“During times of universal deceit, telling the truth becomes a revolutionary act.” George Orwell

Wednesday, September 26, 2007

Teaching with pictures

In the movie Amistad, the story is told of how the African slave receives a Bible, and through studying the pictures learns the basics of the story of the life of Jesus (pictures from Hollywood Jesus website). Although there was a language barrier and a cultural barrier, the message could be shared via pictures.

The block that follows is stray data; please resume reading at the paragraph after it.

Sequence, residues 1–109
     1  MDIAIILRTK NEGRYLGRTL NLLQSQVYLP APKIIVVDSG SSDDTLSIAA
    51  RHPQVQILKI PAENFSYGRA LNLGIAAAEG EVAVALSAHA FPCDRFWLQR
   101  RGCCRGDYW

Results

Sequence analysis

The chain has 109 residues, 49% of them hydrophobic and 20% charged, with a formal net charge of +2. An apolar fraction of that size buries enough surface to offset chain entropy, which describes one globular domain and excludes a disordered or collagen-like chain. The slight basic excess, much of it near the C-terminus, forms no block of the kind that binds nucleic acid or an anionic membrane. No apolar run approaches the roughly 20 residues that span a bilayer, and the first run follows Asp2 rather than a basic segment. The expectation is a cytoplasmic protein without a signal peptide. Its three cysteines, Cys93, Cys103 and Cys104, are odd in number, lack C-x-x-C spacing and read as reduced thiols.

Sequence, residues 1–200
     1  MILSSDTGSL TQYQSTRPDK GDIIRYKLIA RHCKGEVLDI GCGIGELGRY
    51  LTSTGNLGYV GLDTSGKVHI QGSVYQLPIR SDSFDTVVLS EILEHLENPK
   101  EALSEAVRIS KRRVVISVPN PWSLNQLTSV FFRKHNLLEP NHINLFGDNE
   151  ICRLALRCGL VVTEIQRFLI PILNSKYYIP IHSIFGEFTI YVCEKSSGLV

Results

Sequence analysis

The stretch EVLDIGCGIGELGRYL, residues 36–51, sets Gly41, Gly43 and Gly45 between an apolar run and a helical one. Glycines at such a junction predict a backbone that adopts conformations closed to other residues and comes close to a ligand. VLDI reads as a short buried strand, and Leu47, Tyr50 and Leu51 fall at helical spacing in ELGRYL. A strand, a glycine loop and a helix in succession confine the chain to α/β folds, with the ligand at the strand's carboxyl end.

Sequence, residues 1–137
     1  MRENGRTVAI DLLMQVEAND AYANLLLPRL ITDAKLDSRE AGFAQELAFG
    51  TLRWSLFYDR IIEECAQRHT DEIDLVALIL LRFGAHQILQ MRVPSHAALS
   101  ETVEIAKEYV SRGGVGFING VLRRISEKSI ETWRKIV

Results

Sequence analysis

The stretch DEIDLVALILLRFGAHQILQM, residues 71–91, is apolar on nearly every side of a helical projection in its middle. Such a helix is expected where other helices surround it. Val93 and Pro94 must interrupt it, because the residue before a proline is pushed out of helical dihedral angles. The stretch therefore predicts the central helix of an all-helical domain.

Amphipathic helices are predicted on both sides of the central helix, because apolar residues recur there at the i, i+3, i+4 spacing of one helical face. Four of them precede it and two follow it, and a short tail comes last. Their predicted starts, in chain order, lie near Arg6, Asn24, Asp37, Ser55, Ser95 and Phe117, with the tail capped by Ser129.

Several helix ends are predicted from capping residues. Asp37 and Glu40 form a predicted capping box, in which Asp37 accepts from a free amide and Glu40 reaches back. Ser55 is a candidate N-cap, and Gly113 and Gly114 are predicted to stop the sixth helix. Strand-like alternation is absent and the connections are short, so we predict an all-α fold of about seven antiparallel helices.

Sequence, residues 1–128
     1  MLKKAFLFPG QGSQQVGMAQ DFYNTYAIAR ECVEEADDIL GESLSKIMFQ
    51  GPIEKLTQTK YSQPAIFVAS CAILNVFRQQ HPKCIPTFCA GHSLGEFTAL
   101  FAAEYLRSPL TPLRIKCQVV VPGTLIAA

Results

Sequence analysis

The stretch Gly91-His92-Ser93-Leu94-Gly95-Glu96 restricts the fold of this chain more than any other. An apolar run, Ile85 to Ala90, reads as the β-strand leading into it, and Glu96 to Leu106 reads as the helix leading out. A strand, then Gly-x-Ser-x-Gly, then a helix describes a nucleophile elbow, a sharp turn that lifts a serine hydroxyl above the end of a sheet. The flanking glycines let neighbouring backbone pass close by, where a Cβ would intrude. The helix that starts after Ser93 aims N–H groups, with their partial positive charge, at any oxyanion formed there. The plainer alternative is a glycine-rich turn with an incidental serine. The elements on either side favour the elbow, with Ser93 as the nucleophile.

I suspect this is perhaps one reason for pictures being placed in Bibles...they assist the reader to visualize the subjects of the text.

But what if you couldn't read at all? How might you be able to study the Bible? It occurs to me that the use of good pictures might be very helpful. Carefully selected pictures, be they photographs, or paintings could be taught as Christian study tools for people with learning disabilities to cognitive disabilities. Those who can't read, or perhaps can't even understand Bible passages being read, might be taught to study pictures.